Part 3 of a series
With the tourism boom around the bend, the municipality of Panglao is banking on its 3-year-old system to solve the tourism-waste nexus.
Celerina Mijos, a regular employee hired by the municipality, is a waste segregator, a key job in Panglao’s waste management system.
Stationed at the Lourdes Ecological Facility, the central Mineral Recovery Facility (MRF) of Panglao, she clusters garbage collected by the barangay MRFs and prepares the trash for two destinations: the piles of recyclables are sold to a private recycling plant in Cebu while the heaps of residuals are sent twice a week to the landfill.
“We were hired because we are familiar with this job. We’ve been garbage segregators for 5 years now,” she said. “The heaviest bag that we carry is 10 kilos… around 5 to 10 kilos. It’s heavy but we endure.”
Panglao’s solid waste management system follows the provisions of Republic Act 9003 or the Ecological Waste Management Act, which identified the minimum requirement: the construction of one MRF per barangay.
All of Panglao’s 10 barangays have MRFs that are directly under the supervision of the barangay captains.
Starting 2015, the local government implemented the system in its 10-year solid waste management plan. It did so through the following:
But aside from segregating the waste generated by the municipalities, Celerina and 9 other segregators are also handling the existing garbage in the facility, a feat since the unsegregated trash covers the entire 1.5 hectares.
In 3 years, Celerina and 9 other waste segregators were able to control the existing waste in the 1.5-hectare Lourdes facility. They were even able to “push back” the mountains of garbage that filled the facility when it was an open dumpsite in 2007.
The half-hectare entrance to the facility has been cleared and is now a site of thriving plants and flowers, and a spacious parking lot for Panglao’s two dump trucks.
The garbage problem is not new in Panglao.
The whole province of Bohol has a history of “poor” waste collection and management. In 2003, Bohol’s garbage collection services reached only 14% of households in 48 municipalities.
With only one dump truck in 2003, Panglao’s waste collection could accommodate 15 households only, leaving 4,320 households to their own practices of disposing their trash: dumping in land or water, burying, or composting.
The Executive Legislative Agenda (ELA) for 2011-2013 acknowledges the “laxity on the strict imposition of existing regulations regarding solid waste management and non-compliance of the zoning ordinance” that is prevalent among all local units in Bohol.
“There was a waste management system before…but there were many problems when I assumed office,” Manuel Fudolin of the municipal solid waste management office recalled. “There are many gaps, many lacking resources. There’s really no focus on solid waste management.”
It was only when Fudolin was appointed officer of the solid waste management office that a firmer system was put in place.
But when the construction of the airport materialized, working groups were created to solve the garbage problem. Now Panglao has a 46% collection rate among households and non-households. This is how it managed its soid waste.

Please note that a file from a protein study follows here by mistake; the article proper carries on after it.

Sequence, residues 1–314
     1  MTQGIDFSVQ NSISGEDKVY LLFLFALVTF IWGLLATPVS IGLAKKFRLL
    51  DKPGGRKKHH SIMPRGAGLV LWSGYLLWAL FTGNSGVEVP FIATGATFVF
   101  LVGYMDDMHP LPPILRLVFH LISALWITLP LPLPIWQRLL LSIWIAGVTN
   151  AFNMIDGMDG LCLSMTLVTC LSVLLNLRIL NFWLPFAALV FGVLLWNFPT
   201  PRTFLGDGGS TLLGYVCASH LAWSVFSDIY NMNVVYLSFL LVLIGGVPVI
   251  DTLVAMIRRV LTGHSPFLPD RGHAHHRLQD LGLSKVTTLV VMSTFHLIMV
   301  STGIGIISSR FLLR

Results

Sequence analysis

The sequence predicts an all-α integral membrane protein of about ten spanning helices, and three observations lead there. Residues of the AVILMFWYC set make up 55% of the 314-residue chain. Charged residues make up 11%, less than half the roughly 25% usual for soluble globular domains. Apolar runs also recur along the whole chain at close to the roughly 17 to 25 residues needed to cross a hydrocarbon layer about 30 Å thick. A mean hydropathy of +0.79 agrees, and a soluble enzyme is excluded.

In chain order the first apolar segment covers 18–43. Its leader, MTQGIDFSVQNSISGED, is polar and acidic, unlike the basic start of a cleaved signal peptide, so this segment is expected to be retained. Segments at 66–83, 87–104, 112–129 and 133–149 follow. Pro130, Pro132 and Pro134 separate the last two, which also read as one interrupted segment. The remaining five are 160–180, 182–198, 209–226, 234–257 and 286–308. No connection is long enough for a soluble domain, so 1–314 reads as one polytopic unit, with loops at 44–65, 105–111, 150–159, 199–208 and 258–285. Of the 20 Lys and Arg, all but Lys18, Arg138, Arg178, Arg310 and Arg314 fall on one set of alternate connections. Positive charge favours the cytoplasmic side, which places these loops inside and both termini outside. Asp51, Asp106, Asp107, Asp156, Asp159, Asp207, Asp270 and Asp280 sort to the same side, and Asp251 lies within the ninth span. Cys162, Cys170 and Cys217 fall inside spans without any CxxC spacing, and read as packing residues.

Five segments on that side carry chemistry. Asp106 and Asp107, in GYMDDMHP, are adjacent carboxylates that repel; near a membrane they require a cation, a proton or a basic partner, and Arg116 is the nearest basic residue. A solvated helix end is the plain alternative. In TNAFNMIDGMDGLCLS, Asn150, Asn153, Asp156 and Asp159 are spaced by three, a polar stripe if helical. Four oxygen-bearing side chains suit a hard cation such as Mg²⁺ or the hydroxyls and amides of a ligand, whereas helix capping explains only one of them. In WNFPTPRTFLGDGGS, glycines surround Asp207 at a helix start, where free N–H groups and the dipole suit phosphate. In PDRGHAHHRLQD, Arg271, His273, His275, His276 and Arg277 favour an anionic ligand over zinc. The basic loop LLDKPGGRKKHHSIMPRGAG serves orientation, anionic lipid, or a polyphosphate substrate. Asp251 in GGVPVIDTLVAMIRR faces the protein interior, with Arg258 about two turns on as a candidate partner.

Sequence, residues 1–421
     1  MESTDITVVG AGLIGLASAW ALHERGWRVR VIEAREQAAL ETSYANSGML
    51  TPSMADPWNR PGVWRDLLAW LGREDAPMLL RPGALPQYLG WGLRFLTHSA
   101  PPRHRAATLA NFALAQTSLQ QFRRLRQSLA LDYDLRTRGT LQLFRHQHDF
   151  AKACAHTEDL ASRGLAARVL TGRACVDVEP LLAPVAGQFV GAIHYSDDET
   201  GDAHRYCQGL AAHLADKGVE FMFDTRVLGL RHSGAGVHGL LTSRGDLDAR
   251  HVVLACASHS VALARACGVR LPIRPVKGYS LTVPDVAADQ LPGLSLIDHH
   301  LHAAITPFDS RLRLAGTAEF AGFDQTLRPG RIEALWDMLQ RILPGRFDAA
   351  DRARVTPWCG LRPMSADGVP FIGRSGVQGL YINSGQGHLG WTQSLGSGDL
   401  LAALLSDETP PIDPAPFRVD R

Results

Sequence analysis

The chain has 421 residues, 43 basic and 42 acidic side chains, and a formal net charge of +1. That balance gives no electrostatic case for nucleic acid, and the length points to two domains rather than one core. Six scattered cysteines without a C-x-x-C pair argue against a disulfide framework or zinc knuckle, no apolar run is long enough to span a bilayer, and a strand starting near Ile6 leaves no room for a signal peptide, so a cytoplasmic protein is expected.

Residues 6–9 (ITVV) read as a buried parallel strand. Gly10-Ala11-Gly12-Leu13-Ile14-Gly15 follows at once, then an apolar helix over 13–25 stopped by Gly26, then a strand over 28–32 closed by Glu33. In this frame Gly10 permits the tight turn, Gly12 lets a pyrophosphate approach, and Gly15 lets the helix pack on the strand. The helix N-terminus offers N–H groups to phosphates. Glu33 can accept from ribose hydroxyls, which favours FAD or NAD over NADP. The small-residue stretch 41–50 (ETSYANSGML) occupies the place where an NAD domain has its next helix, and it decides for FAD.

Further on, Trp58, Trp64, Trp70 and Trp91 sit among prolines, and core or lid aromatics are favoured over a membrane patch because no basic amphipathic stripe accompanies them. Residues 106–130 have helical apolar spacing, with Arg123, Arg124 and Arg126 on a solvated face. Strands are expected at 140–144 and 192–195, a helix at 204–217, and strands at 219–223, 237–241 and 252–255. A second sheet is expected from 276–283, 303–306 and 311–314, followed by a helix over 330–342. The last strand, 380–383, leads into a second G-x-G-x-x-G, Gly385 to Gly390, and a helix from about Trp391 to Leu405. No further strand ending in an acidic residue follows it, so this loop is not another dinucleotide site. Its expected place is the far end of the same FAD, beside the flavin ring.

But having a system is not enough. Panglao’s house cleaning is overwhelmed by the volume of trash from tourism establishments that are brought on a daily basis to the MRFs.
“In barangays with a lot of tourism establishments, we assist the barangays in collecting garbage with the dump truck,” Fudolin said. “But one trip is not enough – they have to go back to collect the segregated waste.”
This was especially the case in Barangay Tawala, the center of tourism in Panglao.
“The MRF in Tawala is a mess because of the volume of recyclables and residuals the barangay collects every day. Tawala is a big problem because segregators cannot finish the collected garbage in one day.”
The poor waste collection practice of days past also had repercussions as locals developed bad waste management habits.
Because of the strict implementation of the “No Segregation at Source, No Collection” policy and the collection only of residuals and recyclables, establishments have resorted to disposing their trash by the roadside, on beaches, and vacant lots when nobody is looking.
“If you go around Panglao, you’ll notice that trash is everywhere,” he said. “And the trash doesn’t come from households. It comes from establishments that don’t assign segregators. If there’s no segregator, we don’t collect the garbage so these establishments throw their trash everywhere,” Fudolin added.
He also admitted that the municipality is overwhelmed by the rise in tourism visits and activities, especially after the temporary closure of Boracay. The opening of the new Panglao International Airport is expected to exacerbate the garbage problem and it is feared that the municipality will not have enough resources and capability to address it.
“Right now we are still solving the garbage problem at the Lourdes dump site while managing the daily waste outputs of existing businesses,” Fudolin said. “Once the airport opens… garbage will be a much bigger problem,” he lamented. – Rappler.com
This story is part of a series on tourism and waste management in the Philippines, and was supported by the Internews’ Earth Journalism Network (EJN).